6. Learning to Migrate
Unlike other birds, young Whooping cranes don't know by instinct where to migrate. They have to be taught!

Chicks in Captivity
The puppet (called robo-crane) encourages the chicks to accept the trike (a nickname for an Ultralight plane). The fence protects the chicks while they learn to follow the aircraft. As they grow, when they hear the trike coming near their pen, a handler lets them out. They jump and flap and charge down the grass after the plane. Finally they lift off and fly with it.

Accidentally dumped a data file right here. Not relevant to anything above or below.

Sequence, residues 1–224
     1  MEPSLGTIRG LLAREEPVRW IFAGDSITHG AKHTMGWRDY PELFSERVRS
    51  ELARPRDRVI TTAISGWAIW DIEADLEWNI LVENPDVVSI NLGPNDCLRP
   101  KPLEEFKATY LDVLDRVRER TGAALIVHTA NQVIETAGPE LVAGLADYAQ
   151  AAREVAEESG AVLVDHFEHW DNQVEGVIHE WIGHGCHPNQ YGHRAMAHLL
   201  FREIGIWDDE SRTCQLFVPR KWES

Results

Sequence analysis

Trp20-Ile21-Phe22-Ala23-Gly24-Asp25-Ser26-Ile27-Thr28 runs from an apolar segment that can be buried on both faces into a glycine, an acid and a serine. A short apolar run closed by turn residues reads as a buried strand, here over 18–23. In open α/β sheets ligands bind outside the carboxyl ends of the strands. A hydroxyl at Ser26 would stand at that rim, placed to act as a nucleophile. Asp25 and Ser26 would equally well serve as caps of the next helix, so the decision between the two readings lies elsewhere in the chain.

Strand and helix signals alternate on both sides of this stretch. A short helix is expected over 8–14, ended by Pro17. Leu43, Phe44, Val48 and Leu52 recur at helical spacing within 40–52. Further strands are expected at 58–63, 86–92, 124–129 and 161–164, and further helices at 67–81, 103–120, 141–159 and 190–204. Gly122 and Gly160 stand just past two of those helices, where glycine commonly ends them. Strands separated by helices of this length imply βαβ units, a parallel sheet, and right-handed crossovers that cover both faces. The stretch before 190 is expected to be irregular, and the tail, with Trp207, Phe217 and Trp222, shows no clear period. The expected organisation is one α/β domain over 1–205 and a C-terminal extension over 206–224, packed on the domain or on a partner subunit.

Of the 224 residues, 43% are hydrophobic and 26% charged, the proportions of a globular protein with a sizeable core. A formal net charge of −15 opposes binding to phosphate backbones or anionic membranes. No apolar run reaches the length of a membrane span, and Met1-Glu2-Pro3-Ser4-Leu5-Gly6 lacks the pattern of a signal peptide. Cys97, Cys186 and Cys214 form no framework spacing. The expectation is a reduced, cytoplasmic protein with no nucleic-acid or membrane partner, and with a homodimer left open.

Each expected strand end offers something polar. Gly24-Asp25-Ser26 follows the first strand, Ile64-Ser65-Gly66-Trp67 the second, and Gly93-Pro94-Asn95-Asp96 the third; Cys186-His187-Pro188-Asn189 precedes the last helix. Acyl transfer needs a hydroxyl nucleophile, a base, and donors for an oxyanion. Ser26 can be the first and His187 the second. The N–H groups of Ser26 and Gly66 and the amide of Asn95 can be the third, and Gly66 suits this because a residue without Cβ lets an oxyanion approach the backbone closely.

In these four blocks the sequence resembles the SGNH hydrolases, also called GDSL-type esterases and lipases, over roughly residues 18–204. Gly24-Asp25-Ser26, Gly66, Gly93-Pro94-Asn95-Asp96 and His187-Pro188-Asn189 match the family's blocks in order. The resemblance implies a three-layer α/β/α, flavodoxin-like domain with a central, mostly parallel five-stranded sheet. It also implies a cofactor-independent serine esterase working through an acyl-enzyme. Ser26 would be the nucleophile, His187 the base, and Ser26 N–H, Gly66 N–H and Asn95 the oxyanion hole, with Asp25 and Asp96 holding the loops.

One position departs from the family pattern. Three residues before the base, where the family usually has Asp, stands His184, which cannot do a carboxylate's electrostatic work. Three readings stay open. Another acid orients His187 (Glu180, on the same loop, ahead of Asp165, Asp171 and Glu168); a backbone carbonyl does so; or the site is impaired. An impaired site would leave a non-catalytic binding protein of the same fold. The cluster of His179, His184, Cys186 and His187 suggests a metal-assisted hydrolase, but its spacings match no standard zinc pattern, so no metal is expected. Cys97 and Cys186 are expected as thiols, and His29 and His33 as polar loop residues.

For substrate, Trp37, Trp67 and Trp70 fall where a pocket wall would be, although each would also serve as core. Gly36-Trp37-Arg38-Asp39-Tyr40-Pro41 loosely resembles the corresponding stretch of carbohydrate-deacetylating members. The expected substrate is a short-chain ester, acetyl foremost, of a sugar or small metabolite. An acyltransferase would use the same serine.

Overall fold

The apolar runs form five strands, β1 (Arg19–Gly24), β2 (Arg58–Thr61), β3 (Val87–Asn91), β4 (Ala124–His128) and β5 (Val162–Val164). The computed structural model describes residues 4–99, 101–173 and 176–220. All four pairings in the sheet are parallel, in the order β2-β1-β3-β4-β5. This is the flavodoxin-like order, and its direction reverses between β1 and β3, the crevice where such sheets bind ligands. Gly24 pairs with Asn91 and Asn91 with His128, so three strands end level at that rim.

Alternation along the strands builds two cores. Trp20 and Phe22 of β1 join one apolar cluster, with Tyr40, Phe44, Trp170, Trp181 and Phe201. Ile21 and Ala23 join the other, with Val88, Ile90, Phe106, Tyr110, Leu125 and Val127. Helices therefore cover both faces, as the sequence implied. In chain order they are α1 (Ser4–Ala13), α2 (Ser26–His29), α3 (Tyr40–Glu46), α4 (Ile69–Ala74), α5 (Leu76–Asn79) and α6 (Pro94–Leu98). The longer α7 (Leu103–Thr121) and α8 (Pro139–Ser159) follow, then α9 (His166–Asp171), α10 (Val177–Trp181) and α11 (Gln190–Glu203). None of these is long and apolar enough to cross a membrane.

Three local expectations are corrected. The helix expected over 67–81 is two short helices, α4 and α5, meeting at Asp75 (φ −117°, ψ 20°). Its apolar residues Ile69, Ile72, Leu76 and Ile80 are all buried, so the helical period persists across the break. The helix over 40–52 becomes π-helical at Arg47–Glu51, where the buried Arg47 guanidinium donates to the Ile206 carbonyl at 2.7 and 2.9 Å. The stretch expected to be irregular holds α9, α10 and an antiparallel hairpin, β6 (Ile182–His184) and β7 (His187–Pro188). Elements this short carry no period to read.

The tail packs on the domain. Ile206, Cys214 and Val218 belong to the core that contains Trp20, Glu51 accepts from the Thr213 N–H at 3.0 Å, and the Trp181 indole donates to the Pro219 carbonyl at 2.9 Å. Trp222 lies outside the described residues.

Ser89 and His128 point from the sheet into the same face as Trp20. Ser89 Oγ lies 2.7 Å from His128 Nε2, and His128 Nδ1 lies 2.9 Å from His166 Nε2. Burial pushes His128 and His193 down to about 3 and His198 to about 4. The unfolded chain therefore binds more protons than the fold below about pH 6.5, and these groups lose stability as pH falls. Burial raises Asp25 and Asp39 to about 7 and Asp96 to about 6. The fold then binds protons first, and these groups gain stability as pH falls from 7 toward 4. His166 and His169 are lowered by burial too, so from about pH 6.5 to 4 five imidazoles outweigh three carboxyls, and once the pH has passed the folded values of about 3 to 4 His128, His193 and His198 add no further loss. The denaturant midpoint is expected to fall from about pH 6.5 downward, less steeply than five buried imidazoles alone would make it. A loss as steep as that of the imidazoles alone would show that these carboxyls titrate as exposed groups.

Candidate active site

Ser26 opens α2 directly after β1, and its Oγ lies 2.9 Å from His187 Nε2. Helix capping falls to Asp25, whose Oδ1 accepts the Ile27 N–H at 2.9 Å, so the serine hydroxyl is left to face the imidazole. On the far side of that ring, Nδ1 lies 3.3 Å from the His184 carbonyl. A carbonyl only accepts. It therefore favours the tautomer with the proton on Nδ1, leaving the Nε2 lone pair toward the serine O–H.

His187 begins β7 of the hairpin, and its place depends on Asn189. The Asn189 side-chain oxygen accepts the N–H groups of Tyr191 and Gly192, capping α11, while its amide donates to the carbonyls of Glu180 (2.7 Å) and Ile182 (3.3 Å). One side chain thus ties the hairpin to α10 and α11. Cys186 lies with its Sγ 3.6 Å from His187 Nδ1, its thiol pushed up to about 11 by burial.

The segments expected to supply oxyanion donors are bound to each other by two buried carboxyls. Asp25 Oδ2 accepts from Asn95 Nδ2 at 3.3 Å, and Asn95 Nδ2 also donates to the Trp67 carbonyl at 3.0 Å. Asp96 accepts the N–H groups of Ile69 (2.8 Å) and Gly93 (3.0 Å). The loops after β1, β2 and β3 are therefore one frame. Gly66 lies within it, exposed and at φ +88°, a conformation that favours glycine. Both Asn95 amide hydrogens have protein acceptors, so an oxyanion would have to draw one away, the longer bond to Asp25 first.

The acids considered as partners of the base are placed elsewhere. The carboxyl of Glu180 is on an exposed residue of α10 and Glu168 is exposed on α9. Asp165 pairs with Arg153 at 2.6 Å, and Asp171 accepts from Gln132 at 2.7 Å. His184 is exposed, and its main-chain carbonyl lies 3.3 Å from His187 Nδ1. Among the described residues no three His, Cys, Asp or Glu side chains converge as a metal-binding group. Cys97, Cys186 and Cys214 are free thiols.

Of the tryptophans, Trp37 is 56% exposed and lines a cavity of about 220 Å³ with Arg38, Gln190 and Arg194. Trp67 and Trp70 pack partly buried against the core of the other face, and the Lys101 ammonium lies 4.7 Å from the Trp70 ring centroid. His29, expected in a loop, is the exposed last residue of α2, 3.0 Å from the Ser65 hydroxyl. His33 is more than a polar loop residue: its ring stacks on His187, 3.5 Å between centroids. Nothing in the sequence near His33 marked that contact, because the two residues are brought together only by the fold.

When they finally take off, the chicks (especially the lead ones) follow in a line behind the wing of the plane, which is the "lead bird."


Chicks in the Wild
Wild whooping cranes learn migration from their parents. Chicks spend most of the first year with them. Some leave their parents while on the wintering grounds. Others leave them on or soon after their first migration north.